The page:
A Comparison of Multi-Stage and Linear Test Designs for Medium-Size Licensure and Certification Examinations

Bradley G. Brossman, Robin A. Guille


Many large-scale testing organizations currently use multi-stage testing (MST) for their examinations. The MST design implements the test in several stages, where one module is administered per stage. Successive stages in MST might vary in difficulty depending on the estimated ability level of the examinee. Although several studies have been conducted to compare the performance of MST to the traditional linear test design, all of the investigations known to date have incorporated simulation studies that capitalize on large sample size requirements in order to reduce the number of replicated datasets. As a result, although the statistics under investigation have been estimated with reasonable stability, these studies have been better suited to investigate the performance of MST for large-scale examinations as opposed to small- or medium-size examinations. The purpose of this research was to conduct a series of studies based on simulated datasets for medium-size medical certification examinations. The results confirmed that more accurate ability estimates and more accurate and consistent pass-fail decisions are obtained under the MST design compared to the traditional linear design for these examinations.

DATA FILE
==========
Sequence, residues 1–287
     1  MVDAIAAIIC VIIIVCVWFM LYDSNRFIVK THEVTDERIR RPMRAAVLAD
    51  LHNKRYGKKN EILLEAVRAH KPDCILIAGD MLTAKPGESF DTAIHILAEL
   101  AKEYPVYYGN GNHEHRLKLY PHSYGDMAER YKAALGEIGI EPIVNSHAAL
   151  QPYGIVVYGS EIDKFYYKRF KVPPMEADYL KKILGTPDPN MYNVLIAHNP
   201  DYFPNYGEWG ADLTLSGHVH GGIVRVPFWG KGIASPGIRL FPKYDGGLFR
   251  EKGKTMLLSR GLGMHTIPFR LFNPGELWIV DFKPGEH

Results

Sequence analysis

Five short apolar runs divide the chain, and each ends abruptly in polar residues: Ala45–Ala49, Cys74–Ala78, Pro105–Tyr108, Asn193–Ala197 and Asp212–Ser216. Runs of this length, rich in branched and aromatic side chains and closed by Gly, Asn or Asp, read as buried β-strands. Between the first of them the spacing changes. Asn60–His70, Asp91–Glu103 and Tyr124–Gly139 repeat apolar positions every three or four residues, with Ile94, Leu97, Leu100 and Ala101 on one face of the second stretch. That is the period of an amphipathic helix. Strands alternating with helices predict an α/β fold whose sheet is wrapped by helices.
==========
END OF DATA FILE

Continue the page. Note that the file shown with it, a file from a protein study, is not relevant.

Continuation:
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DOI: http://dx.doi.org/10.7333%2Fjcat.v2i0.31


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